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Some Brief Thoughts on VENOM: LET THERE BE CARNAGE

In 1988, Venom appeared for the first time in the pages of The Amazing Spider-Man. A monstrous version of Spider-Man, a warped version of his alien costume, Venom was a visually arresting villain, captivating audiences and forever changing the four-color adventures of Peter Parker.

In 1992, Carnage appeared for the first time in the pages of The Amazing Spider-Man. A monstrous version of Venom, a warped version of the symbiote, swapping mass and size for sinew and violence, Carnage was a visually arresting villain, but ultimately felt flat compared to the original Venom, as sort of an edgy try-hard attempt to make lightning strike twice.

In 2018, Venom hit theaters. Surprising audiences by somehow not only eschewing it’s source character in Spider-Man, but acting as a surreal bromance and showcase for the overacting skills of Tom Hardy, the film greatly punched above its weight.

Now, in 2021, Carnage appears on screen for the first time in the sequel, Venom: Let there Be Carnage. A monstrous version of the CG symbiote created for the 2018 film, the bulk and rage have been swapped with tendrils and gore. Sure, he’s a visually arresting villain, but even with Woody Harrelson in the role, the character falls flat versus the pure insanity of Tom Hardy’s Venom, making you wish they just focused the 97 minute run of the film on Hardy riffing with himself.

No, Venom: Let There Be Carnage isn’t a “bad” movie, per se, but it lacks the lightbulb moment of seeing Tom Hardy absolutely lose himself in the first film. And given how strong his performance remains in the sequel (he even created the story for this edition!), it’s a shame that the other elements of the movie don’t live up to the strong work (read: insane, silly overacting) at the core of the movie.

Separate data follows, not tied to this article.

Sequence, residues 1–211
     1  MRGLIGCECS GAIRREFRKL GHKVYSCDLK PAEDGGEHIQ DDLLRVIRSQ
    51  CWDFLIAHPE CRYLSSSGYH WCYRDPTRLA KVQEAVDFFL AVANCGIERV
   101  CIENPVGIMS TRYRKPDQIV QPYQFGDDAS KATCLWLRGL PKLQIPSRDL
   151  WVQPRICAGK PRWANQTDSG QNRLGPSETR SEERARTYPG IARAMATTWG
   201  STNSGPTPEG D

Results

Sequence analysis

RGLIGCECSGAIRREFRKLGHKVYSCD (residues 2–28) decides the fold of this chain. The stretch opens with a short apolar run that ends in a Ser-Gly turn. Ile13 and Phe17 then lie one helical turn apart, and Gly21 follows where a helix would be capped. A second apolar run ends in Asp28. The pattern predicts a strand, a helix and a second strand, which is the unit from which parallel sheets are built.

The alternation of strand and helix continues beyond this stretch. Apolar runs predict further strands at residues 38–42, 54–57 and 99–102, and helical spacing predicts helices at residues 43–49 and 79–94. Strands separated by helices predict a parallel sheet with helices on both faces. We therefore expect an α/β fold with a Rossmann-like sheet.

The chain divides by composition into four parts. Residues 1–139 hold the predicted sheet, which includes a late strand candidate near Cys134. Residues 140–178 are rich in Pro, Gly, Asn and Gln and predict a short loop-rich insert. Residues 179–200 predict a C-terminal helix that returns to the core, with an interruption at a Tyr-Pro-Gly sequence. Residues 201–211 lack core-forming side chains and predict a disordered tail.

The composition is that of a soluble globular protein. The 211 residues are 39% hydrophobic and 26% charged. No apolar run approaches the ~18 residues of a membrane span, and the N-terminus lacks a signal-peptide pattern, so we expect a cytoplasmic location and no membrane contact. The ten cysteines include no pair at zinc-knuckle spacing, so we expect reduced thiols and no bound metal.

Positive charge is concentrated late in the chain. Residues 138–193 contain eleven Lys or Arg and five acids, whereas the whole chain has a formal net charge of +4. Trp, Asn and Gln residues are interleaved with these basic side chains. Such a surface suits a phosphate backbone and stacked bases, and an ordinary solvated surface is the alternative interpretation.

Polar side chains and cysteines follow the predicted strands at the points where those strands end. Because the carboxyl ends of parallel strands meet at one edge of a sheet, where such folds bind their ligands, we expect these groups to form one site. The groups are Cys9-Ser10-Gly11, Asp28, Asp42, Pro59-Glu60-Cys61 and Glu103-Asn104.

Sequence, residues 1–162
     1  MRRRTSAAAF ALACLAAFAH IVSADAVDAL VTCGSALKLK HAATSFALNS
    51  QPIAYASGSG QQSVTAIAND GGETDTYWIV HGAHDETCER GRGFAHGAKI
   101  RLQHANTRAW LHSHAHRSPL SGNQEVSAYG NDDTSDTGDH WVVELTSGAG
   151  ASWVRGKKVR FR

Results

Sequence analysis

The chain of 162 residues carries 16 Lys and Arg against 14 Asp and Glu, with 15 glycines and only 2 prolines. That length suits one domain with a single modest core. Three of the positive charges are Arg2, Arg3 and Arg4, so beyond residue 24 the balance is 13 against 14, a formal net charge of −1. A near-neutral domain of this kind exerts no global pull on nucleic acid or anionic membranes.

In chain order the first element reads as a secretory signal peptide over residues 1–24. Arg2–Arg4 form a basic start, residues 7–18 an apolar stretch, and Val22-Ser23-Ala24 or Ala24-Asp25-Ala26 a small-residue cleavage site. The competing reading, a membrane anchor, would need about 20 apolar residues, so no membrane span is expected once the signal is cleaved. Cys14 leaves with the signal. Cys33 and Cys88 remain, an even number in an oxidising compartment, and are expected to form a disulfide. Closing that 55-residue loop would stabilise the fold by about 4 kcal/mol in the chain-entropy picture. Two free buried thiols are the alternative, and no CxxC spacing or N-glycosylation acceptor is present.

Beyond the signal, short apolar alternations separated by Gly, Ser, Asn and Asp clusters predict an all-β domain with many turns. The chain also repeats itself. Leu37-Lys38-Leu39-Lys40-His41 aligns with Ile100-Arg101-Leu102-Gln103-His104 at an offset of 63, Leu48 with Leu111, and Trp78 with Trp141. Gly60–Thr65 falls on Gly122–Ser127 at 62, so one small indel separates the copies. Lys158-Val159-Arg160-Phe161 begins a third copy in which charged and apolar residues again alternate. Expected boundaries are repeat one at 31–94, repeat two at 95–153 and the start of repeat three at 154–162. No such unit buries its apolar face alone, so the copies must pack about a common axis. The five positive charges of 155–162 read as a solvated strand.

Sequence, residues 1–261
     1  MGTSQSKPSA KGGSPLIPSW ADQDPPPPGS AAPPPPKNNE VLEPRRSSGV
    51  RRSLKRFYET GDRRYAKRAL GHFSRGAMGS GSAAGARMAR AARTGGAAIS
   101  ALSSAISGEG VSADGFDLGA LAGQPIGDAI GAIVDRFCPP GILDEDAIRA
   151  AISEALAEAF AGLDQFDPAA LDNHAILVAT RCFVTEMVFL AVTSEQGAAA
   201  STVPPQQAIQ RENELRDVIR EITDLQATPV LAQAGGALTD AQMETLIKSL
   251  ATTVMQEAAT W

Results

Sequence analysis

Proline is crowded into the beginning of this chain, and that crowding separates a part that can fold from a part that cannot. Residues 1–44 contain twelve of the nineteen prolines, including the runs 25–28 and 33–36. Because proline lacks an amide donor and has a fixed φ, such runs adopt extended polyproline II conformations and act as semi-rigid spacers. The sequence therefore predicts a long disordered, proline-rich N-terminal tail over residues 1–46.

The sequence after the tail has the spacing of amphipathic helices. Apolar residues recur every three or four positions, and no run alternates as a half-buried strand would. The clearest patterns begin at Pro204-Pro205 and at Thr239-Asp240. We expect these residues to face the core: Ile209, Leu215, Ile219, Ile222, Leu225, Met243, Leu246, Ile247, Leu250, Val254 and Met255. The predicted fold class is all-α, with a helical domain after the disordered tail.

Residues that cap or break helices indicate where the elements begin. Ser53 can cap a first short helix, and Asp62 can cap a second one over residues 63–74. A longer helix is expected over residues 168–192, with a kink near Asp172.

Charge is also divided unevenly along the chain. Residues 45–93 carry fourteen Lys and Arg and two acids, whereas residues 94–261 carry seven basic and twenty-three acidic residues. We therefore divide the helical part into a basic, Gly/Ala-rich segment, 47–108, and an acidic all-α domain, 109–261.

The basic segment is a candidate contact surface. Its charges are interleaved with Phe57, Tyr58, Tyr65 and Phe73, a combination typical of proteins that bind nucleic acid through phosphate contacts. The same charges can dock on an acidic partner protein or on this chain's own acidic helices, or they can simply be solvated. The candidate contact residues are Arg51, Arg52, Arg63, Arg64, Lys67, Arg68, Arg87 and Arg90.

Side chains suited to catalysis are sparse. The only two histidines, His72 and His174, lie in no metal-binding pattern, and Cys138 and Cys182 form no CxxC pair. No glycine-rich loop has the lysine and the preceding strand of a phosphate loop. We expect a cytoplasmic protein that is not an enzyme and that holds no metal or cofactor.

What does it say that I’m less intrigued by the first cinematic version of Carnage than the continued relationship between Venom and local convenience store owner Mrs. Chen? Sure, the visuals remain strong, and some unique choices are made with Andy Serkis in the director’s chair (the cartoon illustrating the childhood of Cletus Kassidy is clever), but honestly, every time Tom Hardy and Venom weren’t on the screen, I found myself, Poochie-style asking, “Where’s Venom?”

Overall, your enjoyment of Venom: Let There Be Carnage will be varied depending on your thoughts on the first film.

Did you love Tom Hardy jumping into a lobster tank last time? Great! You’re gonna have a blast.

Did you want to see Carnage on film for the first time? Well, he’s there, but honestly, who can care when the other, bigger alien is chewing up scenery around him?

Venom: Let There Be Carnage is in theaters now and available on VOD.

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